The tech-assisted screening, assessment, training and supervision tool developed through Family Networks program is being applied in scaling up management of perinatal depression through the Thinking Healthy Program in Pakistan.

The field of mental health in low-income countries suffers from implementation bottlenecks, and the political will to invest in this area remains low despite the exponential increase in need. Innovative solutions from the social, technological, and business domains as illustrated in this program will need to be incorporated into the framework of implementation research to make scale-up of such mental health interventions a real possibility.



Evaluation methods

Effectiveness of the Family Networks program will be evaluated through a cluster randomized control trial in a sub district (30 Union Councils – a Union Council is the smallest administrative unit in Pakistan) with a population of approximately 1 million. Outcomes will be assessed at 6 months after the implementation of the program. Outcomes include WHO Disability Assessment Schedule for children (WHODAS-Child); Secondary outcomes include socio-emotional well-being of children, stigma and parental distress, quality of life, empowerment and utilization of health care services by the families.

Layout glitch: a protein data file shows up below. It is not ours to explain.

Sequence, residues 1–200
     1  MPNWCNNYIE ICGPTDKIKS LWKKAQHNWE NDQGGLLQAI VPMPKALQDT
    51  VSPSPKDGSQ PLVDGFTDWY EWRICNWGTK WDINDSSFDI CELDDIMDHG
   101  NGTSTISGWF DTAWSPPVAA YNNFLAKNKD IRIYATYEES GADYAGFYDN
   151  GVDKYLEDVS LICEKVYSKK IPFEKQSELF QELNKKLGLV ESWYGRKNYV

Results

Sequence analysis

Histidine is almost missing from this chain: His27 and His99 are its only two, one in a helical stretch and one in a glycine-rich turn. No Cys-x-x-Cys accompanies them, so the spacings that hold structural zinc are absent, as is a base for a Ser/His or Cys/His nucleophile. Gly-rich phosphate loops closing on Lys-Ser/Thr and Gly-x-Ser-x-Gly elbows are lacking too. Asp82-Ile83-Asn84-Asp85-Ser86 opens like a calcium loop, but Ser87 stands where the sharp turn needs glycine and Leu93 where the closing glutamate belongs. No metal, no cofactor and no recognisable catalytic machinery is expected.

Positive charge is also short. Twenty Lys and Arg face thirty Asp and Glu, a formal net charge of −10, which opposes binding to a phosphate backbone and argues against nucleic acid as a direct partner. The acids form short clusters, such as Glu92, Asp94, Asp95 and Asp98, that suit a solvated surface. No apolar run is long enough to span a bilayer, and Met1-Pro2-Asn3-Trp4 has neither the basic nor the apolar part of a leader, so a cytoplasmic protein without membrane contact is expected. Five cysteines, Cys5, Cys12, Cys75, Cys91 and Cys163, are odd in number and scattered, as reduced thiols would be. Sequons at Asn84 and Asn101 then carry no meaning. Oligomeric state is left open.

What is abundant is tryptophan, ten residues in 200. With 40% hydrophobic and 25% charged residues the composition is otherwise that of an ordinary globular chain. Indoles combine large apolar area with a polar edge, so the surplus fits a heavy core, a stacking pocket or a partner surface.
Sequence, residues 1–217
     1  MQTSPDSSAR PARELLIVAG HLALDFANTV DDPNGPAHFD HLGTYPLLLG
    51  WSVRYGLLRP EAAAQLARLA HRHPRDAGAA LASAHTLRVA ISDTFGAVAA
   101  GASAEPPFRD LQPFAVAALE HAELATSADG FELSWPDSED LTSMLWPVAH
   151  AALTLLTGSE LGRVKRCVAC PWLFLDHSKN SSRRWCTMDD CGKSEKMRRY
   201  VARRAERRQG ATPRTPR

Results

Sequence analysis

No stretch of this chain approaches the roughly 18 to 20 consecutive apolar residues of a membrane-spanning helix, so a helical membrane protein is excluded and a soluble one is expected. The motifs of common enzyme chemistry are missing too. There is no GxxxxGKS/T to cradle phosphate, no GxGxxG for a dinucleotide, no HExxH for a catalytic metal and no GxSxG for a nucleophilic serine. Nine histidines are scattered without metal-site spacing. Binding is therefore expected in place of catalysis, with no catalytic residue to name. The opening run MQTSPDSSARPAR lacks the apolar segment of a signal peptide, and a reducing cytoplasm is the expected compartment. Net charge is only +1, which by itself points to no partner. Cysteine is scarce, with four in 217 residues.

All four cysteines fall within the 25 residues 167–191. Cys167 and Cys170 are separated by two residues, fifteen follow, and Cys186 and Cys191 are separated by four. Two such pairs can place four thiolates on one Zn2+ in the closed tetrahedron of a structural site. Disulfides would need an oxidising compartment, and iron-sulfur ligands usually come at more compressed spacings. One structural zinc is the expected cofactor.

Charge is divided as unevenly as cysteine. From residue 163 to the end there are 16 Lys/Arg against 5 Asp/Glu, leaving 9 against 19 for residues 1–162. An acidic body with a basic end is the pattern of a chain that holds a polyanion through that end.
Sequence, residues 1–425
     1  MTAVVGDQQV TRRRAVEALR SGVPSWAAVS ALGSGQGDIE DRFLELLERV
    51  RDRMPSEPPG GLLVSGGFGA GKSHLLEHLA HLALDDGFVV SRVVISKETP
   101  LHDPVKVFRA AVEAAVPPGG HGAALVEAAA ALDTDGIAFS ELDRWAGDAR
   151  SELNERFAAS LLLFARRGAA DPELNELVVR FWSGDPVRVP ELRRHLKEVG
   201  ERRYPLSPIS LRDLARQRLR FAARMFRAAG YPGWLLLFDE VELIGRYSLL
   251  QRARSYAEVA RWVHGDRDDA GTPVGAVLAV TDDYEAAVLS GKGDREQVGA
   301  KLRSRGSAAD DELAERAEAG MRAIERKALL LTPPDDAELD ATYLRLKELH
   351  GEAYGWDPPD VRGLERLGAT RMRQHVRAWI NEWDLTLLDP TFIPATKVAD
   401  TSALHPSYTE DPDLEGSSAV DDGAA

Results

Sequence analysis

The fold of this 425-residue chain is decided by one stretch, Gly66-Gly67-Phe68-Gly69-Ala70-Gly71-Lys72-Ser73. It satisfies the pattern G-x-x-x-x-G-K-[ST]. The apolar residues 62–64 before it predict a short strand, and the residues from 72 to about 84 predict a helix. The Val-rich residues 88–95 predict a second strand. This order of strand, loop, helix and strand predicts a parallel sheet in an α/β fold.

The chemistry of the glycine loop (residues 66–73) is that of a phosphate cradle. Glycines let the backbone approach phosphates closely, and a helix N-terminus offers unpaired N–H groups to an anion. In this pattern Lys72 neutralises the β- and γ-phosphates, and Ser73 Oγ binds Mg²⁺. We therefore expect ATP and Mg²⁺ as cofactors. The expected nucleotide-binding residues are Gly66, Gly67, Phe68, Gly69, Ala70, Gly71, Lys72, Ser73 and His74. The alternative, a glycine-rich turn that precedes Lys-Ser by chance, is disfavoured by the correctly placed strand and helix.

A qualitative process evaluation will be conducted to evaluate the program delivery.

Cost of implementation

Cost effectiveness evaluation will be carried out at the end of the program as a part of economic evaluation. The program includes a detailed economic evaluation including cost effectiveness analysis to inform scale-up and policy.

Impact details

Anticipated impact:

  • Population of 1 million will be screened for children with developmental delays using IVR and a house-to-house survey with the help of lady health workers.
  • 500 champion family volunteers will be trained to provide this evidence-based intervention to their own children and to cascade it down to other families in their community.
  • 3000 children and their families will receive the program.


  1. World Health Organization. Mental Health Gap Action Program (mhGAP) intervention guide for mental, neurological and substance use disorders in non-specialized health settings. 2010. Available at:
  2. Grand Challenges Canada. Integrated innovation. 2010. Available at: